The Reel: Being Black-Ish
"In a market that is obsessed with magnifying, glamorizing and pimping out dysfunction under the disguise of reality tv, "The Reel" is a blog segment that thrives in the existence of the contrary. It highlights a variety of characters, couples, families and friends who all have had significant roles in television and film, as well as a direct positive impact on the way we (people of color) tangibly and realistically view relationships, run our households, and identify ourselves in the eyes of mainstream media."
Ok, before I start, I'm just going to be honest, I don't watch much television, well at least not anymore. I DVR everything, or just catch it on Netflix. I even have the SNL app on my phone. Because, whenever I turn on my tv, it seems that every channel is completely oversaturated with dysfunction. From Love and Hip Hop to Bad Girls Club to Married to Medicine to The Bachelor to Dating Naked to The Real Housewives of literally everywhere........I could go on, but I just cant keep up with the Kardashians and the Kanye's and the Caitlyn's anymore. I'm over it ALL. But unfortunately, ratings have proven that watching the anarchy and chaos play out in other peoples personal lives happens to be addicting. When I was growing up (and when i say growing up, I mean old enough to watch MTV, lol) the realest we got to reality television was The Real World. And that's real. No pun intended. Lol. The Real World set the precedent for the concept of reality tv, but it also was one of the first shows of my generation to bring forth concrete real life discussions about alcoholism, domestic violence, homosexuality, suicide, and HIV. Now, whenever I turn on my cable all I see are strangers making out and random catfights. Yep. That about sums it up. That, and the Kardashian marathon. Again. *sigh* ....so, I started this blog segment to highlight the element of the opposite. By placing the spotlight on former, as well as current, images in television and film that educated us, and gave us a positive image to connect ourselves with on screen, as well as off, I hope to restore that feeling we felt when we watched, and reassure the hope of the audiences that tuned in.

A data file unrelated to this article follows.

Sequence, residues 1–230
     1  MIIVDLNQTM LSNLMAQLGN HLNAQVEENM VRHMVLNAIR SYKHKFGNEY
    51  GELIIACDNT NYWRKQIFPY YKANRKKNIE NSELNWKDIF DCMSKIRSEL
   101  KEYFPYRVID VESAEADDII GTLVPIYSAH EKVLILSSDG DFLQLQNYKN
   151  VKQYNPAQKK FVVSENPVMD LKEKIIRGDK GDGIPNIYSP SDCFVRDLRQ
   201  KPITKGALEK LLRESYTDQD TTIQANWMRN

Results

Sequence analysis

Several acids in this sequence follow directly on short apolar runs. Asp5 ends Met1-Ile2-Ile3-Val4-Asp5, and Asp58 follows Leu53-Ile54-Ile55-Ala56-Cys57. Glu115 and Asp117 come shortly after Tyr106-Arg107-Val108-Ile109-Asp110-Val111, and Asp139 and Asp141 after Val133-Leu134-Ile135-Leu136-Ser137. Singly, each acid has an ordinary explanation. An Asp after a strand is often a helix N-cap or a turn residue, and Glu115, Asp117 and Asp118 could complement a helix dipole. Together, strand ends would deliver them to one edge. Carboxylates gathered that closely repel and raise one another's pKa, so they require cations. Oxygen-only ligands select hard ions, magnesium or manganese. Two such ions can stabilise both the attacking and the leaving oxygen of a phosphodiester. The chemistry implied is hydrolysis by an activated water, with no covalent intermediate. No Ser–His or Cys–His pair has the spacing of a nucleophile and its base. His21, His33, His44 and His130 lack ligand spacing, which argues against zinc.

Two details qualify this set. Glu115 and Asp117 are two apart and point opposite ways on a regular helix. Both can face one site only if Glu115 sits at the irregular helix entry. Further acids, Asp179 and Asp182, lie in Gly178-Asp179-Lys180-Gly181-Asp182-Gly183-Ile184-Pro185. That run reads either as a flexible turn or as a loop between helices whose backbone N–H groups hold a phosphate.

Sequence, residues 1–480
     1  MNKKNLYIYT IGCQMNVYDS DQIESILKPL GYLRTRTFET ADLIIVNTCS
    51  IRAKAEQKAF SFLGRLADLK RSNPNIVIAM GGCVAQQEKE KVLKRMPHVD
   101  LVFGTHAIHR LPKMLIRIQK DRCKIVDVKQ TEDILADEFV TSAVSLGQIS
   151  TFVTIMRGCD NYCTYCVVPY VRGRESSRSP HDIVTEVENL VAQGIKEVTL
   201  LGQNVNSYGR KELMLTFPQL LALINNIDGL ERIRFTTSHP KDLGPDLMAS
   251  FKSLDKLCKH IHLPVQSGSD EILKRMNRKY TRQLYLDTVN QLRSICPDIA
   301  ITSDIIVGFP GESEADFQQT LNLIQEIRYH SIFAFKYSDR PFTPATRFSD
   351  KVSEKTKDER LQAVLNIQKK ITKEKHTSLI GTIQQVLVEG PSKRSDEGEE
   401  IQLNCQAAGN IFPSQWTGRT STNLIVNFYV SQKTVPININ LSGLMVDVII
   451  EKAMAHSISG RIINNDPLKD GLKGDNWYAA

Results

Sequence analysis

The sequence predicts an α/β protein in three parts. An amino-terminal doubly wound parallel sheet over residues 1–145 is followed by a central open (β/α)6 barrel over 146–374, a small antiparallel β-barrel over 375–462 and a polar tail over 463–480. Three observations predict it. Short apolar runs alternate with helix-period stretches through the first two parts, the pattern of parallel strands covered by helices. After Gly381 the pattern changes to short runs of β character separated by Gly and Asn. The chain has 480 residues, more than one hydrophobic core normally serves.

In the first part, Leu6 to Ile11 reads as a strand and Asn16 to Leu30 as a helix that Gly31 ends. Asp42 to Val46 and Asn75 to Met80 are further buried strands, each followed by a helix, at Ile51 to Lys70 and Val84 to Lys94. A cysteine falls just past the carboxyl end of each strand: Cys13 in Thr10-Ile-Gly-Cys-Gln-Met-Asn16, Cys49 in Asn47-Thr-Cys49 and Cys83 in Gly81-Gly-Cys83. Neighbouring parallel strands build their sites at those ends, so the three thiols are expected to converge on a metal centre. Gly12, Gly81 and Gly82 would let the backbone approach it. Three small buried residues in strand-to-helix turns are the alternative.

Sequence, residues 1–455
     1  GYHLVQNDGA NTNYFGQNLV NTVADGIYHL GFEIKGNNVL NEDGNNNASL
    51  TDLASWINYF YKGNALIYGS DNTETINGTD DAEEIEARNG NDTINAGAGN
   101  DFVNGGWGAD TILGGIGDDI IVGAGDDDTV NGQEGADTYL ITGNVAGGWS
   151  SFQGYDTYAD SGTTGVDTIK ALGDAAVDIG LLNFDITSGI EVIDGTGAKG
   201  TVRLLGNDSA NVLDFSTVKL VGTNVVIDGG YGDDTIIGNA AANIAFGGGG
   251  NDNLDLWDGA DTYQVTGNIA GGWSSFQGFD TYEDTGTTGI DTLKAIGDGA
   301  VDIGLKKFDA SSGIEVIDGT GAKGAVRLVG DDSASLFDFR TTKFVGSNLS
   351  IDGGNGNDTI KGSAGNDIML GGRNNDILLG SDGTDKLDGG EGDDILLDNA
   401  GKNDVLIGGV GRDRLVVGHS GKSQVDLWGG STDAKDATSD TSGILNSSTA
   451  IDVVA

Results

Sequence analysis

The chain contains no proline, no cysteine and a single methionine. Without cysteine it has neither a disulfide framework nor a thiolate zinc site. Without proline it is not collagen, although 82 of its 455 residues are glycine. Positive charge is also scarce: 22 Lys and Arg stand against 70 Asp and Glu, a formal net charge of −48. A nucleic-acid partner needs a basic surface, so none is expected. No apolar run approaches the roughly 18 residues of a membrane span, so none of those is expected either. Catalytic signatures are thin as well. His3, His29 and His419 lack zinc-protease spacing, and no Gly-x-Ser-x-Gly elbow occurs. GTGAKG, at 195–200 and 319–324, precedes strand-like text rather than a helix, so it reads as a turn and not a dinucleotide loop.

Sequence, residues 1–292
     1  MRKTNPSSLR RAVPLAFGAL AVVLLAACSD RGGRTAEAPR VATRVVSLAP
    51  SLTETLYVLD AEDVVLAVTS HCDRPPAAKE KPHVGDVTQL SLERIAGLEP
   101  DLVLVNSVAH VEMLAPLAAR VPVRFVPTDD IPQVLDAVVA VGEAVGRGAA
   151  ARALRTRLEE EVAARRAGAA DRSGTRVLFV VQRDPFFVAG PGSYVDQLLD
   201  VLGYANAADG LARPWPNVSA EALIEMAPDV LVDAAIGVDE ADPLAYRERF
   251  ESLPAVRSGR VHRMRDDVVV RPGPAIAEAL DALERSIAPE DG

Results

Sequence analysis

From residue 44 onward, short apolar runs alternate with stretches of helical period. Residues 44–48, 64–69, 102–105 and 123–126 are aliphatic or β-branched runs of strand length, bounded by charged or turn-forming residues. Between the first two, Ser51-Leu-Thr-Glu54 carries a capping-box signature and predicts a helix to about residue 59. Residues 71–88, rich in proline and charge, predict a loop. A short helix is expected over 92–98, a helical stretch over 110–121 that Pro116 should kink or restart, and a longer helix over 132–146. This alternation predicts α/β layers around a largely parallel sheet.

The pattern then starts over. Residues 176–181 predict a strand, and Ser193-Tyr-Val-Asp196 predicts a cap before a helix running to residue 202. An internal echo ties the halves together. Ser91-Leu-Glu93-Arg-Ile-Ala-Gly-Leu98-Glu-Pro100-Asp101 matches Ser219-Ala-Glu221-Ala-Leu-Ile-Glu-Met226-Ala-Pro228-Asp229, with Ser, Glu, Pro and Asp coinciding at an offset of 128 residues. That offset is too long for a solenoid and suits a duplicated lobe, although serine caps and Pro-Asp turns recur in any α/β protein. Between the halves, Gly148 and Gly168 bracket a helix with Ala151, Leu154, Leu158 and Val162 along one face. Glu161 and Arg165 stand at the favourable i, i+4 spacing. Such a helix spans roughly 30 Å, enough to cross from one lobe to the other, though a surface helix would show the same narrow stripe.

I was debating on what my first post should be for "The Reel"...easily, I could talk about The Cosby Show and what it did for the image of the Black family.. easily I could talk about A Different World and what it did for the Black college experience, and EASILY I could talk about what Martin and Gina taught us about modern day Black relationships....but, timing is everything, and last night was one of the realest, most eye opening, educational moments I've seen on primetime television in a very long time, as my son and I sat down and watched the latest episode of Black-Ish, properly entitled "Hope". Black-Ish made a subtle but impactful presence on the Wednesday night lineup on ABC portraying what it means to be a Black family in a post millennial, social media constructed society, with a Black president. And it's very important they are here with us on Wednesday nights, because whether your Black experience is one of Claire Huxtable or Florida Evans, the struggles we face today have shifted, despite the fact that our struggles now and the ones in the past are all rooted in the same reflection of disparity. Black-Ish brings comedy and sheds light on all the daily stereotypes we deal with in 2016 whether at work, amongst neighbors, or within our own families, and how we cope.....together, as a unit. They have brought us back to what it felt to watch ourselves on television, and be proud. Let me say, I love everything Tracee Ellis Ross. Everything. We're best friends in my head, she just doesn't know it yet. Whether she's "Joan" or "Rainbow" she just brings this radiant energy to every single project she touches. She's confident, funny, intelligent, and embodies the diverse Black female experience as she gracefully embraces everything from her light skin to her thick curly afro right down to her big ole booty. She is slaying and straight serving up her Black Girl Magic, and I am here for every bit of it as she does it so unapologetically, and with a smile:) Last night Anthony Anderson literally had me in tears with his powerful performance, and their on screen chemistry is unmatched as they maneuver down this road of Black parenting in 2016. If you missed last night's episode, I highly recommend you catch it On Demand, grab your tissue, and your children, and hold them both close. I say that not because I'm a huge Tracee Ellis Ross fan, but most importantly, because Im a parent. The mother of an 8 year old son who asks me questions like "Mommy, whats going on? Why do I always see Black people so angry on tv? So, are ALL cops bad? And how do we know the good cops from the bad cops?" As someone who's good with words, most times, in these situations, I almost always come up short for answers. Because we all know children aren't born with a moral compass guided by race, those are characteristics and concepts that are taught. However, our kids are not oblivious to the fact that people are different and come in all shapes, sizes, and colors, and as parents its up to us to help them find the beauty in that. You want to be positive and give them hope for the future but at the same time you want to be honest and not have them walking around blindfolded to their surroundings. As parents of children of color, we have to have the conversations with our kids that other parents don't. How to talk, How to act, How to dress, How to defend yourself, How to behave in public, How to interact with police, How to respect authority without disrespecting yourself and still living to see the next day, and how EVEN if you do all of those things right, to some people....everything about you will still be wrong. In 2016, your complexion, the way you dress, and even your name, can still be easily viewed as threatening and presenting just cause for retaliation. So how do we answer these questions? What do we say? And what age is appropriate? ..there's no right or wrong way to address these situations with our children, each family dynamic is different and requires different approaches. But without leaking any spoilers, let's just say that last night's episode will help bridge the gaps you keep finding in the conversations you want to have with your kids, but don't quite know how to have them. Thank you Black-Ish for reviving the image of African-American primetime television, for giving this generation something to identify with when we hear our parents and grandparents talk about the impact of the Huxtables, and for making us proud as well as making us laugh, in the triumphs and tragedies of the Post-Millennial Black experience.